Album Review: Phantogram – Voices

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Despite giving over half of the album to the public earlier than its release, Phantogram, who hail from Saratoga Springs, have created a beautiful electronic album that surprises and excites with every turn.

At the end of last year I reviewed the electronic duo’s self-titled EP; four tracks which can be found on ‘Voices’. In the EP, the songs at times can fall a little flat, but in context in this new album, produced by John Hill (Santigold, Rihanna, Shakira) they take on a new life and provide a beautiful flow to the other songs. For example, at first I didn’t particularly like the song ‘Never Going Home’- on the EP it sounded to me rather limp and lifeless – but now it suits very well as a bridge between the heavy sample-based hip-hop single ‘Fall In Love´ and the mellow slow-burner ‘The Day You Died’.

The opening track ‘Nothing But Trouble’ is introduced with a squealing feedback-like sample before it erupts into a tense rhythm punctuated by what sounds like brass samples. It’s a loud and powerful song – probably louder than anything on Phantogram’s first album ‘Eyelid Movies’. But each song on ‘Voices’ has a life of its own – a different vibe and style to the song that precedes it.  ‘Nothing But Trouble’, ‘Celebrating Nothing’ and ‘Fall In Love’ are dancey and thrilling, but then there are songs on the record such as ‘Never Going Home’ and the absolutely stunning ‘Bill Murray’ (with Phantogram being quoted as wanting the actor to feature in a music video for this song) that are fragile and naked, swapping pounding rhythms and blistering synths with sparse beats and delicate tones.

‘Voices’ is a sequel to ‘Eyelid Movies’ and actually has a number of allusions to its predecessor. The first verse of ‘Nothing But Trouble’ has Sarah Barthel singing “everyone I know is not around and Lucy’s still been crawling underground”, making reference to the lyrics of Phantogram’s breakthrough hit ‘When I’m Small’. ‘Bad Dreams’, whilst showcasing Barthel’s amazing vocal range, has a guitar part in the chorus which, to me, sounds rather similar to ‘Let Me Go’ from their first album. Even the electronic drum and synth sounds used in the new album sound a lot like the previous one – only now that the duo have experience, they are more effectively used and have more of a dynamic and tonal range.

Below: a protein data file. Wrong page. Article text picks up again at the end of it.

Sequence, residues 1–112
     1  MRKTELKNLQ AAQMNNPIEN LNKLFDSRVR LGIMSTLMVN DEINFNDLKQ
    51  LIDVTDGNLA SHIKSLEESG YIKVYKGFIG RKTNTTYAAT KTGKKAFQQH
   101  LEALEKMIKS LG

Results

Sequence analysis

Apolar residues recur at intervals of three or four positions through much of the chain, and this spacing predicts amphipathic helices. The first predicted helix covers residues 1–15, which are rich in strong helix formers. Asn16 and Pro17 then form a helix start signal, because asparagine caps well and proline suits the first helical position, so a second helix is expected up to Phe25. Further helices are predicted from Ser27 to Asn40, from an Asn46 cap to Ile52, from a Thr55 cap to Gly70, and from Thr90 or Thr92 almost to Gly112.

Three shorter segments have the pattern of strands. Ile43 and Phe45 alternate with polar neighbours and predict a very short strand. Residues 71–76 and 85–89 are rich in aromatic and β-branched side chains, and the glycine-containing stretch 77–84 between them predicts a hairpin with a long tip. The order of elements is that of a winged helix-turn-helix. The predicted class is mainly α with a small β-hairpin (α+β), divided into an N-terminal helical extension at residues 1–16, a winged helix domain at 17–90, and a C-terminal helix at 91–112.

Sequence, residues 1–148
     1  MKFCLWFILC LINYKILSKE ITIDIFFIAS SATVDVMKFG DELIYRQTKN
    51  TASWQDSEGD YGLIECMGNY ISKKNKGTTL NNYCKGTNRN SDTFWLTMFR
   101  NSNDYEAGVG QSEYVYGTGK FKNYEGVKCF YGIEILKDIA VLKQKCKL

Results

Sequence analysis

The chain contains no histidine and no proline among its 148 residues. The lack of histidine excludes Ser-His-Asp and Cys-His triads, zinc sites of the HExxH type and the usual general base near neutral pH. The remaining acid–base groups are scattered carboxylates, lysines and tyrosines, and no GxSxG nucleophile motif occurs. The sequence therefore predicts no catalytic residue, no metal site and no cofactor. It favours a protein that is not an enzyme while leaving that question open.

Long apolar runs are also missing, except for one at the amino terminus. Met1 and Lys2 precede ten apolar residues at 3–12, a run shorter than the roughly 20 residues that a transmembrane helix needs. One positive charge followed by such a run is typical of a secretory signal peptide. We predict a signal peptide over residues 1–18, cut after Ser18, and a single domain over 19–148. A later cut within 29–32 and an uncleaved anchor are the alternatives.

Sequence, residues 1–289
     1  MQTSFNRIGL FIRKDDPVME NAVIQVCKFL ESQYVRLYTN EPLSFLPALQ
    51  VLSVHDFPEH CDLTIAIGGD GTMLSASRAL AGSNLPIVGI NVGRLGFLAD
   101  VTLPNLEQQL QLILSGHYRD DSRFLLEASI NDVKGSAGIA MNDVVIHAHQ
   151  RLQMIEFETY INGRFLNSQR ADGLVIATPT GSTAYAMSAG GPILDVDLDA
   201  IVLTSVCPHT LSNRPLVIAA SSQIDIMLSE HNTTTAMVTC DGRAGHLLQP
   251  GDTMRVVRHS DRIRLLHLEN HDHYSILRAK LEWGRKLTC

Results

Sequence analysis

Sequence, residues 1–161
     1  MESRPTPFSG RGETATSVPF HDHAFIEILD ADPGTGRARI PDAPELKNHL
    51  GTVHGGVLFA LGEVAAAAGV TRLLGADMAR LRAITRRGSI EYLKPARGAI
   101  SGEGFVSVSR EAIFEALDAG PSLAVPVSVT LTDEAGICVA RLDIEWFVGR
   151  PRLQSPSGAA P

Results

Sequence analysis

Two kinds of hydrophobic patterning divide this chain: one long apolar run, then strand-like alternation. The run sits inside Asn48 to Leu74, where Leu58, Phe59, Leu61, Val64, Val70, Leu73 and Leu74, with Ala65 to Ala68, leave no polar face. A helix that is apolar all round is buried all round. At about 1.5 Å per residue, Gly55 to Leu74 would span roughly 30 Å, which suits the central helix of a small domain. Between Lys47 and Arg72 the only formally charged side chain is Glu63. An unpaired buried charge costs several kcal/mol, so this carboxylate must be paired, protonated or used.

Also, like songs such as ‘Running From The Cops’ and ‘You Are The Ocean’ from ‘Eyelid Movies’, there are a couple of songs on ‘Voices’ where guitarist Josh Carter takes up lead vocals. Carter doesn’t have the strongest voice in the world and it appears that he is aware of this, once again soaking his voice with effects for a more synthetic feel. Perhaps this is cheating, but it doesn’t seem to detract too much from the music. Barthel is obviously the stronger singer though.

The duo have created a solid album packed full of different moods and twists, constantly changing the feel of the direction. One minute, you are bopping along to ‘Fall In Love’, then drifting off to ‘Bill Murray’, and then feeling the tense and slightly claustrophobic atmosphere of album closer ‘My Only Friend’. I just wish that they put on a studio version of the song ‘Faces Cry‘ that they play as an introduction to their live set – it may have been a better introduction to the album than ‘Nothing But Trouble‘. But that doesn’t matter too much. In my opinion, Phantogram have achieved the 3D visceral effect through their music that their name refers to – a layered and structured sound evoking a number of emotions and painting images in the mind. Phantogram have upped their game and have proven themselves to be a talented electronic band with this album. You’ll fall in love with them in no time.


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